Objective: Cannabis consumption during adolescence has been reported as a risk factor for psychotic-like experiences (PLEs) and schizophrenia. However, brain developmental processes associated with cannabis-related PLEs are still poorly described.
Method: A total of 706 adolescents from the general population who were recruited by the IMAGEN consortium had structural magnetic resonance imaging scans at both 14 and 19 years of age. We used deformation-based morphometry to map voxelwise brain changes between the two time points, using the pairwise algorithm in SPM12b. We used an a priori region-of-interest approach focusing on the hippocampus/parahippocampus to perform voxelwise linear regressions. Lifetime cannabis consumption was assessed using the European School Survey Project on Alcohol and other Drugs (ESPAD), and PLEs were assessed with the Comprehensive Assessment Psychotic-like experiences (CAPE) tool. We first tested whether hippocampus/parahippocampus development was associated with PLEs. Then we formulated and tested an a priori simple mediation model in which uncus development mediates the association between lifetime cannabis consumption and PLEs.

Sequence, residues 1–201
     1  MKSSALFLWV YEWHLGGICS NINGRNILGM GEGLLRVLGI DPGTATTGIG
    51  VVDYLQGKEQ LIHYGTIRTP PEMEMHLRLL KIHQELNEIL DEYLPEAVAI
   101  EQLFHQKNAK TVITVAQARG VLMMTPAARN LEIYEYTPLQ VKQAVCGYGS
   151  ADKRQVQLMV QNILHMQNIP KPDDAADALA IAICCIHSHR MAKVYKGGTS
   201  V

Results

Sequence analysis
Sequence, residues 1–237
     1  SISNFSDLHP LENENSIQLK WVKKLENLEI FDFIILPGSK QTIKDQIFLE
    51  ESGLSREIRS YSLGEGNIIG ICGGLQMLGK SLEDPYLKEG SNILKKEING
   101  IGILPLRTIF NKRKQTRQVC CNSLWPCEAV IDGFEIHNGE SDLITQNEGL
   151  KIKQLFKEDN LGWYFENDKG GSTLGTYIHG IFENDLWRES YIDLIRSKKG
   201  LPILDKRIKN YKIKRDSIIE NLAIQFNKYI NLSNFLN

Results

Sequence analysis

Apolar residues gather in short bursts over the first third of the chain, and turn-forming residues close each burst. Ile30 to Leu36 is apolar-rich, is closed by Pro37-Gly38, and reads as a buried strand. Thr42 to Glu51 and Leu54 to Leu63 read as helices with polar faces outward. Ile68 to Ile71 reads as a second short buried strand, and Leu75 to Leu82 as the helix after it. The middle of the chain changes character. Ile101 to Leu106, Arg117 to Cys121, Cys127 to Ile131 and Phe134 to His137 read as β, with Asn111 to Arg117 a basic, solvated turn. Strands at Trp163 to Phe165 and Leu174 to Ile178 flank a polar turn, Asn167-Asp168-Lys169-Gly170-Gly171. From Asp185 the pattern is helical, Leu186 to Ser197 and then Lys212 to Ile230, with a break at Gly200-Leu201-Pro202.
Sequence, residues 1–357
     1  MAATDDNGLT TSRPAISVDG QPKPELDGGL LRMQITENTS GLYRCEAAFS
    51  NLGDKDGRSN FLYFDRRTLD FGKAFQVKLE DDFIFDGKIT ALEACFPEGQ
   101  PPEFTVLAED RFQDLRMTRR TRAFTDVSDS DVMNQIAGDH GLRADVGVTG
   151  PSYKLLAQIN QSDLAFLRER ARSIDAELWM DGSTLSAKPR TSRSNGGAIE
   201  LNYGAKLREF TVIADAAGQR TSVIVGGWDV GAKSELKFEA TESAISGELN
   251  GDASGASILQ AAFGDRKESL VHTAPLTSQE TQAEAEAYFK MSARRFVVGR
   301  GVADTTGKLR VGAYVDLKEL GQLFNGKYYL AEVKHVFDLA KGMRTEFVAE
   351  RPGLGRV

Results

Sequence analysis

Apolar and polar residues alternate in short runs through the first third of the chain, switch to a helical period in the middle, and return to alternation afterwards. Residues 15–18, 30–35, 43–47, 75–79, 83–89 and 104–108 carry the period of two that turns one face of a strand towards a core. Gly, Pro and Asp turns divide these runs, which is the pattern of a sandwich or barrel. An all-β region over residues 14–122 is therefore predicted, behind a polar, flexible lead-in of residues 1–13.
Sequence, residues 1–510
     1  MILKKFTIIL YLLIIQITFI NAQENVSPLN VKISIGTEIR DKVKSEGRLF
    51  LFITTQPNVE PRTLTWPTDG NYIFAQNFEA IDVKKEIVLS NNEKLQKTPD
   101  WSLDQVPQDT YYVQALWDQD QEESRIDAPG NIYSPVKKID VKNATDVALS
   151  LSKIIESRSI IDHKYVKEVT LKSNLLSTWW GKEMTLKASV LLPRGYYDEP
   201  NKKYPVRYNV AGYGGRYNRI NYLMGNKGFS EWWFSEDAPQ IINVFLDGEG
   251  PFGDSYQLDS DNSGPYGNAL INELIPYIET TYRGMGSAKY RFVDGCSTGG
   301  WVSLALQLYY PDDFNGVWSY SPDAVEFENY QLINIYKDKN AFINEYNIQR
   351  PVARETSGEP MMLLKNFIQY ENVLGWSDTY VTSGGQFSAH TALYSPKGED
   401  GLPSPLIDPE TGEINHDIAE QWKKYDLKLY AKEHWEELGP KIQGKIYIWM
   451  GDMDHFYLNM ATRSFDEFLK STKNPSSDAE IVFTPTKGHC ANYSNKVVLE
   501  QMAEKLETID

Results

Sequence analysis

Results: We found that PLEs were associated with reduced expansion within a specific region of the right hippocampus/parahippocampus formation, the uncus (p = .002 at the cluster level, p = .018 at the peak level). The partial simple mediation model revealed a significant total effect from lifetime cannabis consumption to PLEs (b = 0.069, 95% CI = 0.04-0.1, p =2 × 10-16), as well as a small yet significant, indirect effect of right uncus development (0.004; 95% CI = 0.0004-0.01, p = .026).
Conclusion: We show here that the uncus development is involved in the cerebral basis of PLEs in a population-based sample of healthy adolescents.
Keywords: cannabis; deformation-based morphometry; paired designed MRI; psychotic-like experiences (PLEs); uncus.
Copyright © 2019 American Academy of Child and Adolescent Psychiatry. Published by Elsevier Inc. All rights reserved.